All the dirt, news, culture and commentary for Oklahoma's second century.

BOOK REVIEW: "Modernism: The Strange Story of Art and Music in the Twentieth Century" by Max Ridgway

Image provided
Fertile Ground Compost Service
Help support Red Dirt Report
Rusty's Score
4
4 Rustys

BOOK REVIEW: Modernism: The Strange Story of Art and Music in the Twentieth Century by Max Ridgway (Amazon / CreateSpace) 2018

For the past several years I have been taking sitar lessons from a music professor from Alva, Oklahoma named Max Ridgway.

I have a love of classical Indian music, and the sitar in particular. As a fan of the Beatles and the music of the 1960’s and 70’s, I became increasingly interested in the use of the sitar in Western popular music (thanks to Ravi Shankar and George Harrison, in particular) and eventually tried to learn to play the sitar myself. That’s where Max Ridgway comes in.

A former writer at Red Dirt Report was a student at Northwestern Oklahoma State University in Alva and had taken guitar lessons from Ridgway. It was through her that I discovered her former professor – who teaches music and the humanities at NWOSU – has a jazz trio called the Max Ridgway Trio and also plays a sitar!

I was excited. I contacted the mild-mannered, deep-thinking Alva native and – after getting a sitar as a gift from my wife – began learning the basics in playing this complex, stringed instrument.

Little did I know that Ridgway was a writer as well. And this past summer he gave me a fascinating book about the art of the 20th century and the connections between creative human endeavors including painting, music, film and literature.

But Ridgway, a 1990 graduate of Berklee College of Music in Boston, while also holding a Masters degree in music from NWOSU, is clearly most interested in music, the “most abstractof all the arts … (c)onsisting as it does of nothing but sound … perceived by the mind through only one of the five senses.” But art seems to take center stage, and for good reason - the art of the 20th century is incredibly inventive, interesting and diverse and worth analyzing to this degree. Ridgway has done his homework.

And this is where Ridgway takes the reader, in his scholarly-yet-easy-to-read manner: highlighting the fact that “modernism” is simply a “self-conscious break with the past and a search for new forms of expression.”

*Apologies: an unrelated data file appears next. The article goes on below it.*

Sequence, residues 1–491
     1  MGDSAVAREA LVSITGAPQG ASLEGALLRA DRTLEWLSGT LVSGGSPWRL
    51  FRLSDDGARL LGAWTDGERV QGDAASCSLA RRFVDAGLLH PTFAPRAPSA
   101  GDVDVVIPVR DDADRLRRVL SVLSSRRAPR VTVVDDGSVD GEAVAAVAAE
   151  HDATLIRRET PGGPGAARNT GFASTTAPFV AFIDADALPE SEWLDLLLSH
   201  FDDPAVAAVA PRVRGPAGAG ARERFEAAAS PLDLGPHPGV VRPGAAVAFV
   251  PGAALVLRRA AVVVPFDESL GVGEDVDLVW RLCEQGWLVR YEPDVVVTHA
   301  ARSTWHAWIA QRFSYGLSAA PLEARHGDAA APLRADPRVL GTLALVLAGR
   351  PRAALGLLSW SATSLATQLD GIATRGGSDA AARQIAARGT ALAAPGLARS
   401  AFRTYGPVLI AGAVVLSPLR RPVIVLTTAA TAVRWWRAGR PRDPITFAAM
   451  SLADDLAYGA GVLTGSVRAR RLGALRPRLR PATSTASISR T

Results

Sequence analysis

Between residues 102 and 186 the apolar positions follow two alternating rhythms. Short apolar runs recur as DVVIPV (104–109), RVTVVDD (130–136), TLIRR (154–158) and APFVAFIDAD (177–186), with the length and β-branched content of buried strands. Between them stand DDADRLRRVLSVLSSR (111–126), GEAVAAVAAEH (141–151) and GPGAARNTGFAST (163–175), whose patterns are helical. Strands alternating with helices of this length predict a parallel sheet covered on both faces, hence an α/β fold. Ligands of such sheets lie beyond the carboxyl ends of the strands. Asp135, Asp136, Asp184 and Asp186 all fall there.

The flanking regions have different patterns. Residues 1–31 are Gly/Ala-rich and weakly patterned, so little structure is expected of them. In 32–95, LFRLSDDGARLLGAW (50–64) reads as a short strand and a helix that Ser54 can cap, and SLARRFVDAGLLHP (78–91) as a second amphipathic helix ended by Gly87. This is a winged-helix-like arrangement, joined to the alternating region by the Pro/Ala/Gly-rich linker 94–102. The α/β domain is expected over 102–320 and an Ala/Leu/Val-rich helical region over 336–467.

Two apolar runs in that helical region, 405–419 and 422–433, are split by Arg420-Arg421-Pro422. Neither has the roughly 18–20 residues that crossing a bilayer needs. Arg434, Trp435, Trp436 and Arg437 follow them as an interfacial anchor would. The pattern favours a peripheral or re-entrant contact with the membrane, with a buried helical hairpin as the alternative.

And in the 20th century (essentially beginning in January 1901 with the death of Britain’s Queen Victoria) we witnessed “modernism” in spades. So, as the Victorian Age faded into history, a new technological age (the electric light, the automobile and so much more) coincided with the dawn of this new, innovative – and decidedly “modern” – century, which included the ideas of Darwin, Freud, Nietzche and Einstein, as a cornerstone of modernism’s introduction in the wider culture.

And so in that first decade of the 20th century, “modernism was propelled by a mood of excitement and confidence. Never had the possibilities for the future seemed brighter.”

And so with the rising interest in impressionistic art, including in the music of Debussy and the art of Monet, the formalism of the previous century was becoming a memory.

But while modernism embraced new ideas and new modes and ways of artistic expression, a certain “primitivism,” Ridgway explains, in the art of Picasso and Matisse and Igor Stravinsky’s Rite of Spring, the last example being one of primitivism for the subject matter (a human sacrifice in pre-Christian Russia), the use of Russian folk melodies and harmonies and rhythms that “evoke a sense of primitive power and violence.” A more recent example of this was highlighted in the series Strange Angel, where Rite of Spring is highlighted and played in 1930’s Los Angeles as “primitive” rituals and rites are embraced by followers of a belief system called Thelema.